Windows 11 Settings to Keep Your CPU Cool

One of the primary concerns for any computer user is the system’s performance and longevity. If you’ve recently upgraded to Windows 11, you might be pleased with its sleek design and additional features. However, behind the aesthetic appeal and better functionality, your system’s CPU might be working harder, leading to overheating issues. But fear not, Windows 11 offers a range of settings that can help keep your CPU cool.

The Importance of CPU Temperature

Before looking into the settings, let’s briefly touch on why maintaining an optimal CPU temperature is essential. A hot CPU can lead to:

  • System Crashes or Freezes – Overheating can result in random system crashes or even the dreaded Blue Screen of Death (BSOD).
  • Throttling – To prevent overheating, your system might reduce the CPU’s clock speed, negatively impacting performance.
  • Shortened Lifespan – Consistent overheating can harm your CPU in the long run and result in a shorter lifespan for your system.

Basic Checks

Before tweaking any settings, make sure you’ve:

  • Checked that your hardware cooling solutions, like fans or liquid coolers, are functioning properly.
  • Cleaned any dust or debris that may be obstructing airflow.
  • Made sure your PC has enough room for adequate airflow.

The Settings

Now let’s take a look at the settings that can help keep your CPU cool.

1. Power Plans

Windows 11, like its predecessors, offers various power plans that can impact your CPU’s performance and heat generation. To see the power plans in Windows 11:

  1. Head to the Control Panel. You can get there by searching for it in the search bar.
  2. Navigate to Hardware and Sound > Power Options.

You’ll see power plan options like “Balanced,” “High Performance,” and “Power Saver.”

Choose “Power Saver” for optimal CPU cooling. Doing this lowers the overall power consumption and minimizes the heat generated by your PC components, including your CPU. Keep mind that this will also reduce your computer’s performance.

2. Advanced Cooling Options

To fine-tune how your system cools the CPU, you can go into the Advanced Power Settings:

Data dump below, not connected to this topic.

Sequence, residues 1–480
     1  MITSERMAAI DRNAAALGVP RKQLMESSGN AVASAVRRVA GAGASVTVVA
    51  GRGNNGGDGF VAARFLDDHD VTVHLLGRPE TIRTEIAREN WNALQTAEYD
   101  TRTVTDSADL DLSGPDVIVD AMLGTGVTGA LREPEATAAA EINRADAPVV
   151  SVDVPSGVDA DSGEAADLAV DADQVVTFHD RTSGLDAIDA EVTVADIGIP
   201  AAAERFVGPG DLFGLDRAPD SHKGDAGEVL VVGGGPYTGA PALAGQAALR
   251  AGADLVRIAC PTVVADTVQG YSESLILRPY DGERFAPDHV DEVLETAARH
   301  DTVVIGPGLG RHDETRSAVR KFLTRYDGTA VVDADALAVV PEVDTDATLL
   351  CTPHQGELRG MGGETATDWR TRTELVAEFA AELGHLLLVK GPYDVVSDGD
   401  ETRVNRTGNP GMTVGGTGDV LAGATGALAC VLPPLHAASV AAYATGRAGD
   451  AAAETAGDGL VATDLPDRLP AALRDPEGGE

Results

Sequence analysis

1. Navigate to Control Panel > Hardware and Sound > Power Options.
  2. In “Power Options,” click on “Change plan settings.”
  3. Click on “Change advanced power settings.”
  4. Navigate to “Processor power management,” then “System cooling policy.”
  5. Change it to “Passive.”

This setting will slow the processor before increasing fan speed, thereby reducing CPU temperature.

3. Maximum Processor State

Within the same “Processor power management” menu, you can find the “Maximum processor state” setting. Lowering this percentage will restrict the CPU from hitting its peak performance, thus generating less heat.

4. Background Apps

Windows 11 allows many apps to run in the background by default. These apps can eat up CPU cycles and make your system hot. To stop apps from running in the background, use these steps:

  1. Go to Settings >  Apps > Installed Apps.
  2. Click the menu (three-dots) button for the app to disable background settings and click on “Advanced options.”
  3. Under the “Background apps permissions” section, use the “Let this app run in the background” setting and select the “Never” option.

Repeat steps 2 and 3 to change the background permissions for other apps.

5. Startup Programs

Limit the number of programs that start with Windows to lessen the initial CPU load during startup.

  1. Press Ctrl + Shift + Esc to open Task Manager.
  2. Go to “Startup apps.”
  3. Right-click on programs and choose “Disable” for those you don’t need immediately on startup.

6. Update and Drivers

Keeping your system up to date is crucial. Sometimes, overheating is due to software bugs or outdated drivers.

  1. Navigate to Settings > Windows Update, and click on “Check for updates.”
  2. For drivers, you can either go to the device manager or use a third-party tool to ensure all drivers are up to date.

7. Custom Fan Curves (For Advanced Users)

If your system allows it, you can set custom fan curves to better control how your cooling solution reacts to varying CPU temperatures. You’ll typically need to access your system’s BIOS/UEFI for this, and it’s recommended for advanced users who are comfortable with these settings.


Windows 11 brings a host of new features and improvements, but it’s crucial not to overlook system performance and health. By adjusting just a few settings, you can make sure that your CPU stays cool, allowing your PC to run smoother and last longer.

Share this information along to a friend if you find it useful. You may also check our Windows productivity tips to help boost the amount of work you get done.

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